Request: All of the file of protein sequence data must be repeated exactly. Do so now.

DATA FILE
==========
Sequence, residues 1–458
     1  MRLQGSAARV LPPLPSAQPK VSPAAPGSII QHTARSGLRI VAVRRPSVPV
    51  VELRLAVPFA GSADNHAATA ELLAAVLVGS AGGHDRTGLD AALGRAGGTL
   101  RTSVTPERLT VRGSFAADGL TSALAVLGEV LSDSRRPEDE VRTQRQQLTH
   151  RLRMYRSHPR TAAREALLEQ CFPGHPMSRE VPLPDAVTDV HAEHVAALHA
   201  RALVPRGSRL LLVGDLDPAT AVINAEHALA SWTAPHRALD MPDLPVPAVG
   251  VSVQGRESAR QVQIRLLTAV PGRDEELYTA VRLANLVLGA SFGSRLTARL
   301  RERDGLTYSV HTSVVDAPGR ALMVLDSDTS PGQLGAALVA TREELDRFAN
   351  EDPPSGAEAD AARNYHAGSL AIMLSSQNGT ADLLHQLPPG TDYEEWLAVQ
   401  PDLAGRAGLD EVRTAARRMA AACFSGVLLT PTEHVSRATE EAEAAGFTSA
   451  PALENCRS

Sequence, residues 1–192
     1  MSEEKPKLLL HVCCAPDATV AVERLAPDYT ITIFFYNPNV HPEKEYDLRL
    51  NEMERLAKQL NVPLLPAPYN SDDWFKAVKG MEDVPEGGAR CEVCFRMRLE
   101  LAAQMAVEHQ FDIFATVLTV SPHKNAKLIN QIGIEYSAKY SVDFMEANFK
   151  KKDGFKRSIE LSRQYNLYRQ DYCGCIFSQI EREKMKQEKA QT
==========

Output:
Sequence, residues 1–458
     1  MRLQGSAARV LPPLPSAQPK VSPAAPGSII QHTARSGLRI VAVRRPSVPV
    51  VELRLAVPFA GSADNHAATA ELLAAVLVGS AGGHDRTGLD AALGRAGGTL
   101  RTSVTPERLT VRGSFAADGL TSALAVLGEV LSDSRRPEDE VRTQRQQLTH
   151  RLRMYRSHPR TAAREALLEQ CFPGHPMSRE VPLPDAVTDV HAEHVAALHA
   201  RALVPRGSRL LLVGDLDPAT AVINAEHALA SWTAPHRALD MPDLPVPAVG
   251  VSVQGRESAR QVQIRLLTAV PGRDEELYTA VRLANLVLGA SFGSRLTARL
   301  RERDGLTYSV HTSVVDAPGR ALMVLDSDTS PGQLGAALVA TREELDRFAN
   351  EDPPSGAEAD AARNYHAGSL AIMLSSQNGT ADLLHQLPPG TDYEEWLAVQ
   401  PDLAGRAGLD EVRTAARRMA AACFSGVLLT PTEHVSRATE EAEAAGFTSA
   451  PALENCRS

Sequence, residues 1–192
     1  MSEEKPKLLL HVCCAPDATV AVERLAPDYT ITIFFYNPNV HPEKEYDLRL
    51  NEMERLAKQL NVPLLPAPYN SDDWFKAVKG MEDVPEGGAR CEVCFRMRLE
   101  LAAQMAVEHQ FDIFATVLTV SPHKNAKLIN QIGIEYSAKY SVDFMEANFK
   151  KKDGFKRSIE LSRQYNLYRQ DYCGCIFSQI EREKMKQEKA QT